Looking after your supply chain Even in a tough market, there will always be demand for roads, rail, ports, hospitals, telecommunications and defence. Significant opportunities are still available despite the ongoing impact of the GFC.
long term performance based relationships, which foster an environment where parties are able to invest in capability and are willing to be more flexible as project demands change.
To meet the challenge of the current market the private sector has increased efforts in building long term relationships with global players in the supply chain and also local players. In some cases, there has been a move away from traditional customer-supplier relationships towards
Developing a strong performance based contract requires significant negotiation, particularly where the supplier has clout. This cannot be left to the last minute. However, the effort does pay off. We talk about performance based contracting in more detail on page 8.
Discussed inside: Insurance: notation of interests
Performance based contracting
Notation of Interests in Insurance Policies Insurance is an important component of the risk profile of any major construction and engineering project. Construction and procurement contracts usually require the contractor or supplier to take out insurance policies to cover various risks that might eventuate during the course of the project. It is common for the principal’s interest to be ‘noted’ on these policies. Here are two examples of policy certificate wordings that deal with the notation of interests: Noting [OwnerName Pty Ltd] for their interest in contract number 01010101. … Noting [OwnerName Pty Ltd, of 1 Project Road, Melbourne, Victoria] – in contracts with [BuilderName Pty Ltd]. Noting a principal’s interest on an Australian insurance policy does not make the principal a party to the policy. But does noting an interest in this manner give the principal the right to be covered by the insurance policy and to make a claim under it, even though the principal has no contractual relationship with the insurer? In looking at this question, we will focus on the rights available to third parties by reason of the Australian High Court’s decision in Trident General Insurance Co Ltd v McNiece Bros Pty Ltd (1988) 165 CLR 107 and Section 48 of the Insurance Contracts Act 1984 (Cth). The privity of contract rule In law, there is a long established rule called ‘privity of contract’, which means that only the parties to a contract are bound by the contract and are able to enforce its terms.
Because of the privity rule, it had been the case that it was not open to a third party – somebody who was not a party to an insurance policy – to be able to sue under the policy or to enforce the terms of the policy for its own benefit, even if the policy itself evidenced some intention that the third party should benefit from the cover. However, by its decision in Trident the High Court of Australia recognised the potential injustice that this rule can cause in the context of insurance, and established a specific exception. In Trident, the High Court upheld the contractor’s right to indemnity under an insurance policy effected by a principal that was expressed to benefit the contractor even though it was not a party to the insurance policy. The High Court decided that while the privity of contract rule continues to be part of Australian law, there may be an exception to the rule where the following circumstances exist: • the terms of the policy show clearly that the intention was to benefit the third party; • there is a likelihood of reliance by the third party on the promise being performed; • it would be unjust if the third party is refused relief. The High Court reasoned that, in cases where it is clear that an insurance policy extends cover to third parties, a strict application of the privity doctrine does not give effect to the expressed common intention of the parties, on the basis of which the third party has ordered its affairs.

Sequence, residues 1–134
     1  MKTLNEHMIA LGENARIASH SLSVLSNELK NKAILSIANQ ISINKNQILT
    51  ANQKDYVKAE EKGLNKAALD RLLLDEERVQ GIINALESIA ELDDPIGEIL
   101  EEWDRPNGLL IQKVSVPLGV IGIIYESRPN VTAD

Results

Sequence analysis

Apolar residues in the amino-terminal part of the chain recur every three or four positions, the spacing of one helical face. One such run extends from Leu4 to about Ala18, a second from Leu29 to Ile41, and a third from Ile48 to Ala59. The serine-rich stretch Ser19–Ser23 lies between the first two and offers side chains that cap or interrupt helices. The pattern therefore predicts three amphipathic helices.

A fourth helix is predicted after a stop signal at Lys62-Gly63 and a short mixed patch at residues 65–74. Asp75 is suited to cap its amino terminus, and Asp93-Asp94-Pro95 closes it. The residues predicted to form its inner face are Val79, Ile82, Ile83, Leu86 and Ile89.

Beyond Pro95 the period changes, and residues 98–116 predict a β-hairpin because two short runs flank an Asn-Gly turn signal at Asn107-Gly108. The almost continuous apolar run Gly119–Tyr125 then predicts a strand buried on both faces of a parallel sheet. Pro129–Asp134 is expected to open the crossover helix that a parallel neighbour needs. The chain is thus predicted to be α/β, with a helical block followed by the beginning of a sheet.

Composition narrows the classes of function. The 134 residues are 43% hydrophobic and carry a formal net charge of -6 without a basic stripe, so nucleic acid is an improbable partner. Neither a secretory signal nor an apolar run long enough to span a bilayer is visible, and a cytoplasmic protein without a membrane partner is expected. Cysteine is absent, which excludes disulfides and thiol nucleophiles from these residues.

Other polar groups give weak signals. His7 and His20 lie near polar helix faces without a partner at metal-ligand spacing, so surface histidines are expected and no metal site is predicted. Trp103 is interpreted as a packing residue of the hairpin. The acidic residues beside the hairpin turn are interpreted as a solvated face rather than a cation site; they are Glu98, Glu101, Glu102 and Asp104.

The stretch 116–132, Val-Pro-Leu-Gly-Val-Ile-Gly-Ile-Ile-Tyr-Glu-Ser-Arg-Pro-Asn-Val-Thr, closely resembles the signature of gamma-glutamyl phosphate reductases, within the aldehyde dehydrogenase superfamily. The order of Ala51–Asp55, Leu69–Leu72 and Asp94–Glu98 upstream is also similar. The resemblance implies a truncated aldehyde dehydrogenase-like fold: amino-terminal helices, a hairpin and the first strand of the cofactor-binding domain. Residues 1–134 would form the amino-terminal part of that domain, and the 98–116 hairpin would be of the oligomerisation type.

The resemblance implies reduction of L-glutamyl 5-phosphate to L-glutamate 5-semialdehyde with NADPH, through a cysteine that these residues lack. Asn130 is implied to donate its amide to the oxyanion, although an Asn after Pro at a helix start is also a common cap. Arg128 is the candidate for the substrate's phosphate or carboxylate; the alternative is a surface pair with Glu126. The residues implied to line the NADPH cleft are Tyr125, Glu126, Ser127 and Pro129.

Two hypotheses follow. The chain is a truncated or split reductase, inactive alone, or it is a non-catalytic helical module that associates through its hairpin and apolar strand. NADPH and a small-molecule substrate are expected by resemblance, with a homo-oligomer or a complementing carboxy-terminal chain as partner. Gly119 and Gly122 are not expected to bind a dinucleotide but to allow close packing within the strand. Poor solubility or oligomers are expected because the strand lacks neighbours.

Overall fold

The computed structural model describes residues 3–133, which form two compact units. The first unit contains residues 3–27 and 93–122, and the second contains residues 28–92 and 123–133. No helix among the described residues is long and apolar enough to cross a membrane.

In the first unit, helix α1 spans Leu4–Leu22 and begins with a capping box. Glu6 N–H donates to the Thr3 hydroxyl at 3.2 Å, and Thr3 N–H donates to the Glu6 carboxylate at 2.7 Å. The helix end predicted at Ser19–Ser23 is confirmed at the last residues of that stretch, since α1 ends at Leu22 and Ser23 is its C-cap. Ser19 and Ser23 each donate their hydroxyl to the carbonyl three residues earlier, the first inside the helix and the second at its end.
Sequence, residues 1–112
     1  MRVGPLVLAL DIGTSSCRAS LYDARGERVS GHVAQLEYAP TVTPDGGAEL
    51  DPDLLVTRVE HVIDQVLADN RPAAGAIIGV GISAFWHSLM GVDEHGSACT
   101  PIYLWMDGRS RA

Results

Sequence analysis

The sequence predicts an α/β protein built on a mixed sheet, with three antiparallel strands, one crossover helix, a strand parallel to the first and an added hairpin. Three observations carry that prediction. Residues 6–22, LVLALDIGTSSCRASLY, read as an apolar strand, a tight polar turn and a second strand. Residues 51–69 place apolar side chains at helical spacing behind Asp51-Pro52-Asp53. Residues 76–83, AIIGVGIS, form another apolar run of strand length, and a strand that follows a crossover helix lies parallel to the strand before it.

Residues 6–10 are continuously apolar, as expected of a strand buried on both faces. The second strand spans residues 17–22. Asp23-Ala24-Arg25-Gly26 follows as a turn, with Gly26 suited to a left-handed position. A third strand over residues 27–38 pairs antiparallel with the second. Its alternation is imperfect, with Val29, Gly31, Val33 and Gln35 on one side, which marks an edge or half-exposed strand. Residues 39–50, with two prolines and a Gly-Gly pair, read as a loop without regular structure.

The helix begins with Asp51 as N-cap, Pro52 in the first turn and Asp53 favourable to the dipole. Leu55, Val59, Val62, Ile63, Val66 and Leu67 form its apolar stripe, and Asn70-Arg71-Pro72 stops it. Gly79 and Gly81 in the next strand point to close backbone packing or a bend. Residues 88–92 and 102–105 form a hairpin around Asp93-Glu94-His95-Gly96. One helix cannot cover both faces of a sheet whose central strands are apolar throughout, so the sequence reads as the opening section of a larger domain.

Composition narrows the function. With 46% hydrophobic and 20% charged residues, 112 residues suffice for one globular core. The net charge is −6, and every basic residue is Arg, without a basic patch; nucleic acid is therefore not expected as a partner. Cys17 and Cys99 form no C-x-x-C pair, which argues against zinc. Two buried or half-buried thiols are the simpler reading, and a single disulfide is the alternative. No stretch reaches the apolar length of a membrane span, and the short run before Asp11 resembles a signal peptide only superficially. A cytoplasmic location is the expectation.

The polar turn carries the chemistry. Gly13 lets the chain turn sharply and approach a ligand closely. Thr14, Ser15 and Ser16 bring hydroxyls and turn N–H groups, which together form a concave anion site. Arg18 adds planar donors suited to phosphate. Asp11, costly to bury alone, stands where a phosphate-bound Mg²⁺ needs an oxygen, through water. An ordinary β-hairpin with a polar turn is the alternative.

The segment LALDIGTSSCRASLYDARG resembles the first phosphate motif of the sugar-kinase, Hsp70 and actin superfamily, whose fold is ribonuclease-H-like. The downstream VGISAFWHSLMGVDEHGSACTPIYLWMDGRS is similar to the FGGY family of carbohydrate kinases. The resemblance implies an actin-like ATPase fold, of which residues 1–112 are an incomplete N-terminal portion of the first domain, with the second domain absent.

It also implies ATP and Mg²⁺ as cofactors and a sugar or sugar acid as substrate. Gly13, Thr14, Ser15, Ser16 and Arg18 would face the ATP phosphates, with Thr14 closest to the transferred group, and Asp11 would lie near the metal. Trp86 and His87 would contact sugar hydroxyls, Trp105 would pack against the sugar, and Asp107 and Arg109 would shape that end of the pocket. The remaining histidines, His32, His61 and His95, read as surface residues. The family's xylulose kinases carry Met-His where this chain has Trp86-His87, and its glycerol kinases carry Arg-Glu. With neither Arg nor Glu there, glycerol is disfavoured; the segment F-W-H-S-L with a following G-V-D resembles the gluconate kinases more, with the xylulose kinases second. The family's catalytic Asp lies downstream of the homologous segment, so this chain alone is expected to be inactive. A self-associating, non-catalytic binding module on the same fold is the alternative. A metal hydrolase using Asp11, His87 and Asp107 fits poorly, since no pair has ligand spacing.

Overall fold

While the decision in Trident does afford some relief to third parties seeking indemnification under Australian insurance policies, it is by no means clear that this relief would be available to principals or others whose interest is merely ‘noted’ under the policy. In order for the Trident exception to apply, it must be clear from the terms of the insurance policy that the third party is intended to be covered. Rights under Section 48 of the Insurance Contracts Act 1984 (Cth) The decision in Trident came at a time when the Insurance Contracts Act 1984 (Cth) (Act) had not long been in force (it commenced on 1 January 1986). If this legislation had applied retrospectively, it is unlikely that the decision in Trident would have been necessary, at least in the context of third party rights under insurance contracts. This is because Section 48 of the Act creates a statutory right of a third party to have the benefit of cover afforded under an insurance policy, and a right to make a claim under such a policy, provided that the third party meets the requirements of the provision. Section 48(1) states: Where a person who is not a party to a contract of general insurance is specified or referred to in the contract, whether by name or otherwise, as a person to whom the insurance cover provided by the contract extends, that person has a right to recover the amount of the person’s loss from the insurer in accordance with the contract notwithstanding that the person is not a party to the contract… (Emphasis added)